- Language: English
- Published: March 2011
- Region: Asia, Australia, New Zealand
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Adaptation of Cambodians in New Zealand. Edition No. 1
- Published: March 2009
- Region: Global, New Zealand
- 436 Pages
- VDM Publishing House
This book has two foci: how Cambodians with a refugee
background manage their new life in Aotearoa/New
Zealand and how an identity as a Khmer-Kiwi
transnational community has developed.
Religious practice, organisation, and leadership
became the main driving forces for asserting Khmer
community identity in diaspora. Collective memory was
harnessed to deal with shared cultural bereavement,
and the quest for belonging lent momentum to the
community’s development and management of its
identity. Khmer Theravada Buddhism was important in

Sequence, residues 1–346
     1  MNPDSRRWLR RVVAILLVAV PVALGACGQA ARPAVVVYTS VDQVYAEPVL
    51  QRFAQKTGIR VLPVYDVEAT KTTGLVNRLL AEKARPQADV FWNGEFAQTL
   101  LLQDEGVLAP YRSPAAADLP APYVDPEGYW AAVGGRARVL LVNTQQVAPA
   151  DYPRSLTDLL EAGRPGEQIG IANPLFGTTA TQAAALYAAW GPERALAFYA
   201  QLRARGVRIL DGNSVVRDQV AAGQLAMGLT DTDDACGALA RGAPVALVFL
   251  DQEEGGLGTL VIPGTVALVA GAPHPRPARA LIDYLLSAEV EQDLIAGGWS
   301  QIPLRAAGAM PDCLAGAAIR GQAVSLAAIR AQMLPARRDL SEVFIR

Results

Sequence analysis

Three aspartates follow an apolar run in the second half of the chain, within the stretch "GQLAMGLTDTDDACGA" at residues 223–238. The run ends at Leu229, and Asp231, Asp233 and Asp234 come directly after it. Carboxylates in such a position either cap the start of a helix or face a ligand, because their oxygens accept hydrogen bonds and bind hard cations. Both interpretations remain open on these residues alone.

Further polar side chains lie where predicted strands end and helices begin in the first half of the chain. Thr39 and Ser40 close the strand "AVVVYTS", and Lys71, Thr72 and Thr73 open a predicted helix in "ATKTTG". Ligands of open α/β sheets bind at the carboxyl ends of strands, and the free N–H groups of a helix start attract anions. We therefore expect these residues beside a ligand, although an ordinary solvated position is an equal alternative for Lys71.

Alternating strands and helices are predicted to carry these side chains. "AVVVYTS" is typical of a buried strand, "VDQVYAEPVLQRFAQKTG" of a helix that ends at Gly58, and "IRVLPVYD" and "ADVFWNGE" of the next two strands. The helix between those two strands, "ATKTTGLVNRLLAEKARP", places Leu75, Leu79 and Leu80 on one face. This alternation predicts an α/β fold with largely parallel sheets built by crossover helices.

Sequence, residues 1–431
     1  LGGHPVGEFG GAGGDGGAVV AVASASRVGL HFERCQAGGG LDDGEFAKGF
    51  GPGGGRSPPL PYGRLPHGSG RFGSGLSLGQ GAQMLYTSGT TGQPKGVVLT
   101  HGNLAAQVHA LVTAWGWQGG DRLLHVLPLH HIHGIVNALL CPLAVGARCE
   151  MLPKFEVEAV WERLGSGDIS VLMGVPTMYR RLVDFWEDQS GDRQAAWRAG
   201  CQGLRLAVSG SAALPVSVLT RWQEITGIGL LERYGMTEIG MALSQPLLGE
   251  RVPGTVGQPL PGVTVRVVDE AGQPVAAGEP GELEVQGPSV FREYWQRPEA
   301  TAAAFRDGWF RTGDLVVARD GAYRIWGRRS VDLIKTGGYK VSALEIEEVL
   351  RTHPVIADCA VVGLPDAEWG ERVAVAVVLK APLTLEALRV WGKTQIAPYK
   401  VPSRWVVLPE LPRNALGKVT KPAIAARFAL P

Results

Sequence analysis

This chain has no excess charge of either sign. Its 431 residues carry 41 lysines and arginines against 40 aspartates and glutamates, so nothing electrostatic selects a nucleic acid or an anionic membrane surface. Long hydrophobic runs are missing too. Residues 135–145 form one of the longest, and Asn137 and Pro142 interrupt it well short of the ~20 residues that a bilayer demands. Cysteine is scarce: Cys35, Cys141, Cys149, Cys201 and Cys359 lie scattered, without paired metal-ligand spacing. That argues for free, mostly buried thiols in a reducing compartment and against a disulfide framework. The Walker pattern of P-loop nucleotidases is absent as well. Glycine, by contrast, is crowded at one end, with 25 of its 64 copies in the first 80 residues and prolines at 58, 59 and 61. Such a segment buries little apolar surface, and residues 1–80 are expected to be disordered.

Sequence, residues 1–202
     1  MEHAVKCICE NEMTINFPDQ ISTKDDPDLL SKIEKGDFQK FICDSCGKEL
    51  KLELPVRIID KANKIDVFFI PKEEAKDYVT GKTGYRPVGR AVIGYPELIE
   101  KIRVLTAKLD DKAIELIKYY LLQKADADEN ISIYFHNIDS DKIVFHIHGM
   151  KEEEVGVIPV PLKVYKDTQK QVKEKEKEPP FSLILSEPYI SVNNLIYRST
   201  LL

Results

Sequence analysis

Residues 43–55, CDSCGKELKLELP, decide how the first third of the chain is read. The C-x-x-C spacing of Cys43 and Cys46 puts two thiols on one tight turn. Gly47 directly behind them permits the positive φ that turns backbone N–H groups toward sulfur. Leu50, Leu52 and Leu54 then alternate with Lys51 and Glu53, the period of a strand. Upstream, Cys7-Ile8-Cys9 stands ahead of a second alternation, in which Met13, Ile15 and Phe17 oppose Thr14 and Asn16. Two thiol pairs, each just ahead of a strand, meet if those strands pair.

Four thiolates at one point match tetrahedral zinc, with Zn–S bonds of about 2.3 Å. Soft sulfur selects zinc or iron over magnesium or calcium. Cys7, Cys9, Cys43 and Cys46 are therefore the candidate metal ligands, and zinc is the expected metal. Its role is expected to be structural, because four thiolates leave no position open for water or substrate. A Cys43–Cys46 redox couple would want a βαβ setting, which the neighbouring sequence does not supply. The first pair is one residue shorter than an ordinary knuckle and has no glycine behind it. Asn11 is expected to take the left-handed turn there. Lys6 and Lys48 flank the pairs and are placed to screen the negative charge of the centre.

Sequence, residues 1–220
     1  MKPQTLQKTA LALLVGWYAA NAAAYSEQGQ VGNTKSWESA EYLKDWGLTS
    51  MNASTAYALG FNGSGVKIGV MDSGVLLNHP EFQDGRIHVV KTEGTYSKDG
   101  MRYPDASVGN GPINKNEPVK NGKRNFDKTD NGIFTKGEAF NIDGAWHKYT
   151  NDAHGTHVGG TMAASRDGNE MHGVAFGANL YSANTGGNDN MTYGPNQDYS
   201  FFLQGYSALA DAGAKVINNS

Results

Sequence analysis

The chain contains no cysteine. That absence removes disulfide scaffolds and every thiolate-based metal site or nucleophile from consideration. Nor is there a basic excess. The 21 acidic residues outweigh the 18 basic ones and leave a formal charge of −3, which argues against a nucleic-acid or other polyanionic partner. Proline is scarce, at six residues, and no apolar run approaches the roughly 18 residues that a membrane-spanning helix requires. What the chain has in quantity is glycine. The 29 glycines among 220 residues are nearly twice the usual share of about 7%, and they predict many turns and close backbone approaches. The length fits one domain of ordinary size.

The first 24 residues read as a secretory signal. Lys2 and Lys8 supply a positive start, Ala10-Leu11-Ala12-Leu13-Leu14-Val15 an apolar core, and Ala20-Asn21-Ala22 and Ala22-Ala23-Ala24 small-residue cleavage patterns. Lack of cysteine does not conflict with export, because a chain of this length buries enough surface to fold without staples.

terms of spiritual wellbeing, but also served as a
platform for various community developments which
contributed to the creation of new ethnoscapes and
identities within the New Zealand social context.
An important contribution of the thesis relates to
the issues of the positionality of the researcher, in
this case a Cambodian who came as a refugee
researching his own community. The advantages and
problems of being both an insider as a Cambodian and
community leader and an outsider as an educated
academic attempting to maintain objectivity, is
outlined in detail in the thesis.
MAN HAU, LIEV.
Beside his voluntary work to rebuild a Khmer community in
diaspora, Man Hau Liev has been a senior lecturer at the
Centre for Refugee Education of the AUT University since 1988.
Man Hau Liev considered how Cambodians managed their new life in
New Zealand, and how they have developed an identity as a Khmer
Kiwi transnational community.